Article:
The second to the last match of the night was for the Smackdown Women’s Championship. This had the Liv Morgan defend the title against the person she beat by cashing her Money in the Bank contract, Ronda Rousey. I really hoped the WWE wouldn’t just take the strap of Liv Morgan because, even though I don’t think she’s ready, I just can’t stand another reign from Ronda Rousey. It certainly looked like it was going to be a squash as The Baddest Woman on the Planet simply dominated Liv Morgan at every turn. Some of the moves looked like they actually hurt, not because of how hard the slams were, but because of the tremendous amount of torque Rousey was applying on Morgan’s arm every time she judo threw her. Liv Morgan did have some

The finish saw Rousey basically taunted Liv Morgan and the crowd before cinching in an armbar. Morgan makes it to the ropes to break the hold but Rousey ragdolls Morgan to the floor before applying another armbar. However, Morgan gets to the ropes once again. It looks like the referee is thinking to stopping the match but Morgan wants to continue. The Baddest Woman on the Planet takes Morgan down with a modified rolling headscissors and locks another armbar. This time, Morgan rolls Rousey on her shoulders and gets the pinfall victory. However, it looks like Morgan tapped out before the referee called the pinfall victory, leading to Morgan retaining the Smackdown Women’s Championship in a controversial fashion. Rousey goes ballistic and wrecks havoc on Morgan and the official after the match.

This was an adequate match in my opinion. I don’t think Morgan could really get a star making match with Rousey at this time so making it short seems like a good idea. I do think they could’ve gotten away with it going just a bit longer so that Liv Morgan didn’t look like such a wimp when compared to Rousey. The controversial finish kind of worked for me as it did leave Liv Morgan getting a victory while still making Rousey look like the clear winner.

The last match of the night was a Last Man Standing match for the Unified WWE Championship. This had Brock Lesnar taking on the current champion, Roman Reigns, who was accompanied by The Usos and Paul Heyman. Before I do talk about the match, I do have to talk to Triple H directly if he’s reading this. Mr. Triple H, please make this be the final match between the two. Us fans are pretty sick of it. I don’t care if you do have Brock Lesnar come to the ring riding a tractor. I just don’t care anymore as you’ve had these guys go at it too many times by now.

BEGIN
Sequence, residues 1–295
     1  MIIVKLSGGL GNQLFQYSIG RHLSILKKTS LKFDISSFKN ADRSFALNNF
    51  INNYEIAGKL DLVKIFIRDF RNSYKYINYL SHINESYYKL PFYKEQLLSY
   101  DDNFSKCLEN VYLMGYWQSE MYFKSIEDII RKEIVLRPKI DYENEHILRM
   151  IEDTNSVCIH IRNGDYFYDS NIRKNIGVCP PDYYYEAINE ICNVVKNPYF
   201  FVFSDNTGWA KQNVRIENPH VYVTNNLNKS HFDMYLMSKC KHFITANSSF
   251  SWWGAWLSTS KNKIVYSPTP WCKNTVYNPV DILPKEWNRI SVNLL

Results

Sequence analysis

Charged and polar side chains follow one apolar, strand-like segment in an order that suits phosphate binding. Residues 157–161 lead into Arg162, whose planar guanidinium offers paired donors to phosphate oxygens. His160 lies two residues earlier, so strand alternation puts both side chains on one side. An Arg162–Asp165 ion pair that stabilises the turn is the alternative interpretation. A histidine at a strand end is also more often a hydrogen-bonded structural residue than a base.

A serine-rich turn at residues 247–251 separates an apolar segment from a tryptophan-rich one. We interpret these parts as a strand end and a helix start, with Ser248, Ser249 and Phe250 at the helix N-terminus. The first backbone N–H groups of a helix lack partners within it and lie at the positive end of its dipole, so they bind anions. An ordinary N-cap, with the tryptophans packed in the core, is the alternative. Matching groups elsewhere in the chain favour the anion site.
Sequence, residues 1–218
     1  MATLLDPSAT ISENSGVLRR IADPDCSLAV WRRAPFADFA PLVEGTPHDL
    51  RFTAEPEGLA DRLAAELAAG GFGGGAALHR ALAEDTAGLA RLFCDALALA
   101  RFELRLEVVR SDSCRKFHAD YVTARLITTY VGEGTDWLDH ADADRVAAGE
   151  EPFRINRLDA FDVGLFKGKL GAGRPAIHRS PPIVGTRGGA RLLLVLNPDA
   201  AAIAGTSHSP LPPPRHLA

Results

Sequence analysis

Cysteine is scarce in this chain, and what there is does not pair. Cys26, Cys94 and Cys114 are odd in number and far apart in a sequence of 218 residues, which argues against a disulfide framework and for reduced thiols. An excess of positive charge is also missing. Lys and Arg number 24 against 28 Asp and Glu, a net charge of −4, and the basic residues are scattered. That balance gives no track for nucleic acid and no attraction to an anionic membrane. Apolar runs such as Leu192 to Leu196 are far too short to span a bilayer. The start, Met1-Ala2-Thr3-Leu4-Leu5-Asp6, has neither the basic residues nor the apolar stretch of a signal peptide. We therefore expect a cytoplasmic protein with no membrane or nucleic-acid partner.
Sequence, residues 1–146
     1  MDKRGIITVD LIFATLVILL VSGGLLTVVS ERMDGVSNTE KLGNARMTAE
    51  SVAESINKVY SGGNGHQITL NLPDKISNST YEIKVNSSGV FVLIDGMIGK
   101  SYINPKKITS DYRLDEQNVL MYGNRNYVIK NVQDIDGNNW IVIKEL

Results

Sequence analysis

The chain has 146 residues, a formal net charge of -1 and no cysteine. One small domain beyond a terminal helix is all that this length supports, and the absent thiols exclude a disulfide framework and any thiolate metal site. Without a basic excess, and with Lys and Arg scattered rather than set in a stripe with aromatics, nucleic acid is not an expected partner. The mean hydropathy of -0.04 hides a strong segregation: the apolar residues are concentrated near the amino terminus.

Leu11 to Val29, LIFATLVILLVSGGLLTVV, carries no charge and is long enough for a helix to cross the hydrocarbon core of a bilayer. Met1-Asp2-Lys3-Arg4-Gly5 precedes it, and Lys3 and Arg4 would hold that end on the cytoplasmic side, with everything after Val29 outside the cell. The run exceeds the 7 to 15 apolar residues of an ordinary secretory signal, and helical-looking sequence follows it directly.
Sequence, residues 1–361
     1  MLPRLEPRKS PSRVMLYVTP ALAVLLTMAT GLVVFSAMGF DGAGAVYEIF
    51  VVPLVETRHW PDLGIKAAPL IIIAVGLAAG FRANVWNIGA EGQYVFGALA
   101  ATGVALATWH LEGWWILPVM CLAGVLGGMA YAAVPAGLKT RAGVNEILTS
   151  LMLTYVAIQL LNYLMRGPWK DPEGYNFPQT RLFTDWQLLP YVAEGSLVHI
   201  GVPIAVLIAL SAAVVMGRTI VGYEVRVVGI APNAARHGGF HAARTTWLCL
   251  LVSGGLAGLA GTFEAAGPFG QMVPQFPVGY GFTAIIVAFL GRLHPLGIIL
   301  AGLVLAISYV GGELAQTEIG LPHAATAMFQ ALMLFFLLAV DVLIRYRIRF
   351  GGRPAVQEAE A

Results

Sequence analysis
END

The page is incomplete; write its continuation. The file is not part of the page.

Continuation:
Despite this being something like the 87th time the WWE booked these two together, I found myself super engaged because they actually tried to do something different this time! Maybe because it was SummerSlam and the roles have reversed now. Maybe because it wasn’t just all about Brock sending his opWhatever the case, if this is going to be their last match, at least it’ll go out with a bang.

When it came to the wrestling component to this match, there isn’t really anything special. Sure, both The Beast and the Head of the Table turned up the intensity and the white hot crowd made the proceedings look really glorious. However, they made up for this with really insane mayhem like The Usos each eating an F5 before Lesnar F5’ed Paul Heyman through the announcer’s table. There was also Theory butting in and hinting like he’s going to cash in his Money in the Bank briefcase but getting taken out before he could do so. Of course, there’s the entire tractor spot where Lesnar used it to tip the ring over so Reigns would spill to the outside! Can’t forget that!

The finish came after Theory getting taken out by Lesnar and Reigns blindsided The Beast with a spear. Lesnar still made it to his feet so Reigns then beat Lesnar with the Money in the Bank briefcase. Lesnar still got up so The Head of the Table clocked him with the WWE Universal Championship belt. Reigns then battered Lesnar with the WWE World Championship belt and, to make sure The Beast wouldn’t be getting up anymore, he and the Usos piled all the debris around ringside on top of Lesnar. Lesnar could not answer the 10 count, meaning Roman Reigns is still your Unified WWE Champion.

This was a fun match overall. While the actual wrestling was just fine, the spectacle definitely made up for it. This is one of those “style over substance” matches and I predict the WWE will be using that tractor clip for ages to come. Still, I do hope this is the end and, if it is, this was a fine way to close out the feud.

Overall, this year’s SummerSlam was incredibly good. I can’t say if it’s because Triple H is now directing the ship or not. Whatever the case, I do hope the WWE follows through with this course as they put on an incredible SummerSlam and probably one of the best pay-per-views I’ve seen in a while.


What did you think of this year’s SummerSlam? Let me know in the comments section below!